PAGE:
Tuesday, June 3, 2014

CT or Rapid MRI for Diagnosing a Ventricular Shunt Malfunction: Which Would You Choose?

By: Lewis First, MD, MS

Given the concerns of radiation exposure from CT scans that have been written about in our journal and others, it is great to see other modalities like rapid MRI come on the scene to offer imaging alternatives. One situation where this is occurring is in the diagnosing of a ventricular shunt malfunction.

Photo by Aimun AB Jamjoom 
via Wikimedia Commons
Cerebrospinal fluid ventricular shunts, implanted surgically, are the preferred method for treating pediatric hydrocephalus. But, whether due to mechanical obstruction, over-drainage or equipment failure, malfunctions are commonplace and frequently require imaging to evaluate the potential malfunction. This frequent need to image and use of cranial CT can expose children with ventricular shunts to a large cumulative dose of ionizing radiation. But is rapid MRI accurate enough, compared to CT, to help avoid excess CT scans?

Boyle et al. (doi: 10.1542/peds. 2013-3739) performed a retrospective cohort study of almost 300 children and teens under 21 years of age seen in the emergency department with a possible shunt malfunction to determine the non-inferiority of the accuracy of rapid cranial MRI when compared to CT. The results are worth reading about and may change your approach or your discussion with your local pediatric emergency specialists as to what imaging to recommend.

This study will likely get some nice exposure once it is officially published next month (just not radiation exposure). Check it out and learn more.

Related Reading:

Thursday, March 6, 2014

Imaging for Appendicitis: US/MRI vs CT—Which Is Better?

Although the CT scan had previously been thought to be the gold standard for imaging someone with suspected appendicitis, the role of ultrasound (US) followed by magnetic resonance imaging (MRI) has been gaining in popularity. So which does a better job?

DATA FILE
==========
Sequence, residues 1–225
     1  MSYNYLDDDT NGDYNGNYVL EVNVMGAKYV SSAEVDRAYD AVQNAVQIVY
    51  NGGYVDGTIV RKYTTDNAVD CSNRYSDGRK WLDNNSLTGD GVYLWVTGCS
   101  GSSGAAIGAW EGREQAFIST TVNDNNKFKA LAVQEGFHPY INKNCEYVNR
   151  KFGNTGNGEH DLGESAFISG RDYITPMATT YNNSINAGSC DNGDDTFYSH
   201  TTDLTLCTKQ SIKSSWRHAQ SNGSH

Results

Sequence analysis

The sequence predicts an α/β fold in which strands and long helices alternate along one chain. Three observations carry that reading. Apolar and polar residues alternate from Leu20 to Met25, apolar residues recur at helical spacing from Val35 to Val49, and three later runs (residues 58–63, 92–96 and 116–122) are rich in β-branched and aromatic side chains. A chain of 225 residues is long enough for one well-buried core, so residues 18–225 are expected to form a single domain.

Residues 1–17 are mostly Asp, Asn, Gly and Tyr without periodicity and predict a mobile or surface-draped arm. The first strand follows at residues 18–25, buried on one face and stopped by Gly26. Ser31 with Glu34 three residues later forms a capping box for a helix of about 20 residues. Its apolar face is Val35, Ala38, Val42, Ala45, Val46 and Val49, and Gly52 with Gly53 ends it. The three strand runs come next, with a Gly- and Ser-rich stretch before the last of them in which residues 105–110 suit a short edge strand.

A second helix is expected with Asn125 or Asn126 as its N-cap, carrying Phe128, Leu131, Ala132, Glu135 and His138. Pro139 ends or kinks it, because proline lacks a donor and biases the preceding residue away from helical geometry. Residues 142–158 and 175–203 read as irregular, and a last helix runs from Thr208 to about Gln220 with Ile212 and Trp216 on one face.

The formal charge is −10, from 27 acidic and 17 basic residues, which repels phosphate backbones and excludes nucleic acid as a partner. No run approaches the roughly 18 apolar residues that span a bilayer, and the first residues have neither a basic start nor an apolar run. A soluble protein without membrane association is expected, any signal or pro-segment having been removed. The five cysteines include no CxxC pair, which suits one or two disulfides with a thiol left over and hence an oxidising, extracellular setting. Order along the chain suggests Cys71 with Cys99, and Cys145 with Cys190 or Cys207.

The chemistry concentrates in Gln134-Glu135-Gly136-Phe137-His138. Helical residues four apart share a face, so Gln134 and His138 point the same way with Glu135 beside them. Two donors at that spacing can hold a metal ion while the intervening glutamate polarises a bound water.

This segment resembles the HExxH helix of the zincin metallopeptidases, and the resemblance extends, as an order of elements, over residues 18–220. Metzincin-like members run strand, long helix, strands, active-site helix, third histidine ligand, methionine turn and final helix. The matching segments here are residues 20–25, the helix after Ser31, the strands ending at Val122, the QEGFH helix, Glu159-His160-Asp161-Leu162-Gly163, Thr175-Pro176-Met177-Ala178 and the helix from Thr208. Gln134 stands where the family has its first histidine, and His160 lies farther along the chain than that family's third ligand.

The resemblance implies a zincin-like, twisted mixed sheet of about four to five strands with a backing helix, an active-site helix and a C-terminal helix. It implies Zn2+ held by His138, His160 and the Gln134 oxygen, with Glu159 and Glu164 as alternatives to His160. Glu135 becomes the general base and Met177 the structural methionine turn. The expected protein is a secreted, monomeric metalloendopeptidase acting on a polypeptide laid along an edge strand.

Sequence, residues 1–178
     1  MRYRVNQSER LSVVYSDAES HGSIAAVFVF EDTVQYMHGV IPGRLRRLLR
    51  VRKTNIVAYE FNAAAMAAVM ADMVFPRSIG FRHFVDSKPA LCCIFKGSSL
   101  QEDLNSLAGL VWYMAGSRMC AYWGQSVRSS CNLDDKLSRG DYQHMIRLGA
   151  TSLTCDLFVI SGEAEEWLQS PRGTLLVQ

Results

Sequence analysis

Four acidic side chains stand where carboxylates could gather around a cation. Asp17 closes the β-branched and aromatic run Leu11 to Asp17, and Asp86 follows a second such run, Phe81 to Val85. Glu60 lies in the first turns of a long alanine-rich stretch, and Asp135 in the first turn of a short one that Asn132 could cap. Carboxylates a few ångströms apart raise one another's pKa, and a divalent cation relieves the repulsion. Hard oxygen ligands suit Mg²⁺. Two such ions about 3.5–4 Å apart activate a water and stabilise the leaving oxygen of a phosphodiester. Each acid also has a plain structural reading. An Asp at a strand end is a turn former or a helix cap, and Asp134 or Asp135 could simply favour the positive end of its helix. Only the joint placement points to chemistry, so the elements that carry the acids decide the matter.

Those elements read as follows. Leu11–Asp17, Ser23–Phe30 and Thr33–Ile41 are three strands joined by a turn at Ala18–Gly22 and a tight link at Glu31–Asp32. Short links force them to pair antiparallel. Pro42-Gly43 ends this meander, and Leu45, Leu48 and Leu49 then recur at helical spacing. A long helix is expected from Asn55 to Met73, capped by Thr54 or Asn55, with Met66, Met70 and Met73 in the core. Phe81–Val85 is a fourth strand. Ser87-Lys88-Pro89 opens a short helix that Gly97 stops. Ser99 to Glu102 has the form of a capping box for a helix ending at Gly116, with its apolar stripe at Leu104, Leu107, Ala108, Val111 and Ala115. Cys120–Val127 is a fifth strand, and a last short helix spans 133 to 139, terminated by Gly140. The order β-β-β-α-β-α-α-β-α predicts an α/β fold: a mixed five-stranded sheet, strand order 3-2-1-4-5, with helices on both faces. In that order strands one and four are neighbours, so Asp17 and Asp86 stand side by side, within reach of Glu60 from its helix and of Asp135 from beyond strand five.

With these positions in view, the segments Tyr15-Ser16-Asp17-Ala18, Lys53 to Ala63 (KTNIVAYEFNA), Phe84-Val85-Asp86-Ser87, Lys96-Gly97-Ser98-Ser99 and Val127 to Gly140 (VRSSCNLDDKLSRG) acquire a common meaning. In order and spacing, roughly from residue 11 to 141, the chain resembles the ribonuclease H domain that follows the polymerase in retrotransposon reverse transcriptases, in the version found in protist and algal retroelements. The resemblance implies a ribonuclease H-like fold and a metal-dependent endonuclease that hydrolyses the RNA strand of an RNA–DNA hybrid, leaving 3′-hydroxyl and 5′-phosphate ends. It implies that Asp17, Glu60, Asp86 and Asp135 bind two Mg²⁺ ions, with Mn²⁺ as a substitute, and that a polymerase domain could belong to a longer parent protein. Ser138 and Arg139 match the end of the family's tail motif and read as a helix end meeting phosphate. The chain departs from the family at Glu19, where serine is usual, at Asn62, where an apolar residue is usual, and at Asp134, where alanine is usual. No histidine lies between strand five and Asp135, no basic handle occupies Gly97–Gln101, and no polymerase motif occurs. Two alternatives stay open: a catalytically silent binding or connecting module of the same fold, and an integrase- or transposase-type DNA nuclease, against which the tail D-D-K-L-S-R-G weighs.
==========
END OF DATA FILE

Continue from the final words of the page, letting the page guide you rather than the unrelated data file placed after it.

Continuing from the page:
Photo by Liz West via Flickr
Aspelund et al. (doi: 10.1542/peds.2013-2128) explored this issue by retrospectively reviewing pediatric patients over a 4 year period during which CT was preferred for the first two years (2008-2010) and
ultrasound/MRI for the latter two years. Positive imaging for suspected appendicitis, negative appendectomy rates, perforation rates, and time to antibiotics were studied among other outcome parameters. As to the results, well, you’ll need to read the study to find out, but we think you’ll be on the (cutting) edge of your seats as you learn how each of these imaging modalities performed.

How are you diagnosing appendicitis? We still feel the history and physical can be very sensitive diagnostic tools when performed well—but what do you think? Do you find yourself needing to image your suspected appendicitis patients, or do you send them right to the pediatric surgeon for an operation? If you do image your patients, what do you find as your preferred imaging technique of choice? Would that change as a result of this study?

Let us know by sharing your thoughts via our blog, Facebook or Twitter, or by submitting an eLetter on the Pediatrics website.

Related Reading: